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The Senate is positioned to move ahead with a coronavirus emergency aid package free of controversial efforts to bolster the oil industry or measures to reduce the carbon footprint of the airline industry that threatened to spark protests on both sides of the aisle.

Summaries of the historic $2 trillion legislation show there is no “$3 billion bailout for big oil,” in the words of Senate Minority Leader Charles Schumer (D-N.Y.), and it does not require airlines to go carbon neutral with domestic flights by 2025.

Environmental measures were a sticking point for lawmakers in both parties, with Republicans repeatedly comparing certain Democratic proposals as being akin to the Green New Deal.

Various Democrats, meanwhile, had penned letters expressing their opposition to any oil industry bailouts, arguing a public health crisis shouldn’t be used to contribute to climate change.

The omission of $3 billion to purchase oil is a significant blow to the Trump administration, which earlier this month had expressed confidence Congress would provide the full funding needed to fill the nation’s petroleum reserves.

“It is a common sense move. Everyone who has done any version of investing knows you try to buy low and sell high,” Energy Secretary Dan Brouillette said on a call with reporters last week in announcing the department’s plan to buy 30 million barrels of oil.

President Trump’s directive to fill the Strategic Petroleum Reserve “right up to the top,” would max out at 77 million barrels.

The Department of Energy did not respond to questions from The Hill as to whether the 30 million barrel purchase would continue.

The oil industry, which has been hit hard by falling prices, would still be eligible to participate in a $500 billion corporate assistance program that’s part of the overall package.

Democrats initially warned that the program could easily turn into a “slush fund,” but the measure now includes provisions for stricter oversight, namely a Senate-approved inspector general.

Also absent from the Senate bill were proposals from Monday’s $2.5 trillion House bill that sought commitments from the airline industry to reduce their emissions in exchange for taxpayer funds.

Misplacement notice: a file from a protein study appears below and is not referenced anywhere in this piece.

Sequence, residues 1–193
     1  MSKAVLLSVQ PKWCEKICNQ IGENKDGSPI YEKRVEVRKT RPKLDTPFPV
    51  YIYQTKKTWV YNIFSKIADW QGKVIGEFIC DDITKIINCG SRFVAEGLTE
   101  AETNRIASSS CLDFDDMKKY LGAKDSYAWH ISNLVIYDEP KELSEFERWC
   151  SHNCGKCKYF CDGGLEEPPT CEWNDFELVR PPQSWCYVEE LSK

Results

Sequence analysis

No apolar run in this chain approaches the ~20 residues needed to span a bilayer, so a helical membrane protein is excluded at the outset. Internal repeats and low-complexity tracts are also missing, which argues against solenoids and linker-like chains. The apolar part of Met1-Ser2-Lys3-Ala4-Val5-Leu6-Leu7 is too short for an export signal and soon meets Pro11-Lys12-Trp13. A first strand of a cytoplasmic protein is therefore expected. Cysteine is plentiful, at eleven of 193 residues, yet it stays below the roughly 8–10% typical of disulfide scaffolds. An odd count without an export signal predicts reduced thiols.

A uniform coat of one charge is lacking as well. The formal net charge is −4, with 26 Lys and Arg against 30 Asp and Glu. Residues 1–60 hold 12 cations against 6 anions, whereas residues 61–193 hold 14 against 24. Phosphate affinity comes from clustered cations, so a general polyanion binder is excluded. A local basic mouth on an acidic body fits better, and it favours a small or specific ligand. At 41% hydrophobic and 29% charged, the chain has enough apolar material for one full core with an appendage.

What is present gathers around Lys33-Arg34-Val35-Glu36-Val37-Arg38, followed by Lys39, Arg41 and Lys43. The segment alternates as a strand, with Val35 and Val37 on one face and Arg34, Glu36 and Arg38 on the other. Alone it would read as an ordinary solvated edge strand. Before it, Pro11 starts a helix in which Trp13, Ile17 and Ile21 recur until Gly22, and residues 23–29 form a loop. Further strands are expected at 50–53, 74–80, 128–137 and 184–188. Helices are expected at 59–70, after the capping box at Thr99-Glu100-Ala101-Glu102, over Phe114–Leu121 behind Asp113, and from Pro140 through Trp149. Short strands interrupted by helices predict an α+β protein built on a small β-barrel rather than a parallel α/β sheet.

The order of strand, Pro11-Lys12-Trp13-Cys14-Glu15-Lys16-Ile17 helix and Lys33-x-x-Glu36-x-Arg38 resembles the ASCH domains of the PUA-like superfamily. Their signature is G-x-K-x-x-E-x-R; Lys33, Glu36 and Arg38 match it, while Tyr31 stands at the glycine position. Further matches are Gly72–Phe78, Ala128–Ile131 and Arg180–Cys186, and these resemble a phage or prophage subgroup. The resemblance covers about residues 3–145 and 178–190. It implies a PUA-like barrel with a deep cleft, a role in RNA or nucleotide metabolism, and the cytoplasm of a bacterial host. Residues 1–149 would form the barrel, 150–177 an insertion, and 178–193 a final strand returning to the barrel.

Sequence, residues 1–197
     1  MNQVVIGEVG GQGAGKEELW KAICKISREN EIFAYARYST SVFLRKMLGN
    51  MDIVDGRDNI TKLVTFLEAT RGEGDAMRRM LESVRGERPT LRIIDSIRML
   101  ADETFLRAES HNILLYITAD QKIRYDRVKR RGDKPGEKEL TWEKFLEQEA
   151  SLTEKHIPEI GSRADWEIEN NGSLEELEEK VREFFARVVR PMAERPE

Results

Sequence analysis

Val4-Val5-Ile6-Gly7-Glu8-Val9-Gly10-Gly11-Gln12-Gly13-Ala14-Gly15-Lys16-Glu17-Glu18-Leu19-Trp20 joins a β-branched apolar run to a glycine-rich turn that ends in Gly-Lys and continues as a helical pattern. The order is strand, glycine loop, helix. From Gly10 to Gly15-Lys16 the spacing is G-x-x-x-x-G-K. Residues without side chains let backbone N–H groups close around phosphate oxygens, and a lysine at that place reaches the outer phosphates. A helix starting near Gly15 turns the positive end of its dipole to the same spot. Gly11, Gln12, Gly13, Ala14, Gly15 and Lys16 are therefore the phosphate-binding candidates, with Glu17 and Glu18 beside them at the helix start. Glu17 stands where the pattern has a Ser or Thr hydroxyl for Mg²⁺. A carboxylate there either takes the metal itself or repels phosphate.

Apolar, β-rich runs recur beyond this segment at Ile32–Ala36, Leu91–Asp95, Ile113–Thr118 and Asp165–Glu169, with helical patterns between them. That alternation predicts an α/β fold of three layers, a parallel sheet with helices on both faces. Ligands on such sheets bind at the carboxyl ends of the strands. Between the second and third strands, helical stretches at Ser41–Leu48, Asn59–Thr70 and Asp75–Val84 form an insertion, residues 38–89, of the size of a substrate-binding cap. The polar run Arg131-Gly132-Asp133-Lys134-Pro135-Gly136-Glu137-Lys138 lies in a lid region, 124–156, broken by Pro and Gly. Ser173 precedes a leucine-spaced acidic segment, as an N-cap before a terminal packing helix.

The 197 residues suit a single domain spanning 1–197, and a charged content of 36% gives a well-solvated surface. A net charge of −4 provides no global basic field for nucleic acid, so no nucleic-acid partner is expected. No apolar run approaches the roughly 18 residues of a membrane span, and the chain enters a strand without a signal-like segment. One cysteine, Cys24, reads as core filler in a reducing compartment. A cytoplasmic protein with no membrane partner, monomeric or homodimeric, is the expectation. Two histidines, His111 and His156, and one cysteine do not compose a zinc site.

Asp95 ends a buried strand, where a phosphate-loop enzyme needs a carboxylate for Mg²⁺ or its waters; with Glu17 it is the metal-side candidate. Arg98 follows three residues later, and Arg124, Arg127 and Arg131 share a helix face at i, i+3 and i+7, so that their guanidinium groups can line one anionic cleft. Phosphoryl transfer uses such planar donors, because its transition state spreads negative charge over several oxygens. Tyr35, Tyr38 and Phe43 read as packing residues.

Democrats had argued that the $25 billion for passenger airlines, as well as the $4 billion for cargo carriers, needed to come with strings attached, much like the auto industry bailout from the Great Recession was followed by regulations increasing fuel economy.

“Airlines that want public support should live public values,” Sen. Sheldon Whitehouse (D-R.I.) tweeted last week when pushing for environmental guardrails.

The House version would have required airlines to post emissions from flights alongside prices and set binding targets to reduce emissions to 50 percent below 2005 levels by 2050. It also would have initiated a government program to buy older, less efficient places from airlines.

Senate Republicans blasted the possibility of including emissions standards in an emergency coronavirus aid package.

“Emissions standards? What’s that got to do with the virus? Nothing,” Sen. Jim Inhofe (R-Okla.) said on the floor Monday.

Instead, the package helps secure airline industry jobs and prevents companies from stock buybacks while relying on federal funds, plus an additional year.

That provision left environmental groups disappointed.

“Taxpayers, many of whom are now struggling financially, have the right to expect responsible behavior by companies in exchange for these bailouts. Instead, taxpayers will pay twice — once now to the airline companies, and later in the form of tens of billions of dollars in additional damages from climate change,” the Environmental Defense Fund said in a statement.

The Senate package also appears to have killed any effort to include tax incentives for the wind and solar industry.

Green groups argued that any help for oil companies should be balanced out with support for the renewable energy industry, which is also likely to take a hit from the coronavirus economic downturn.

“We need to make sure that vital yet vulnerable industry is not ignored while big oil is advocating for their interests,” Melinda Peirce, legislative director for the Sierra Club, told The Hill earlier this week.

Tags Airlines carbon neutral Charles Schumer Coronavirus Donald Trump emergency aid Sheldon Whitehouse

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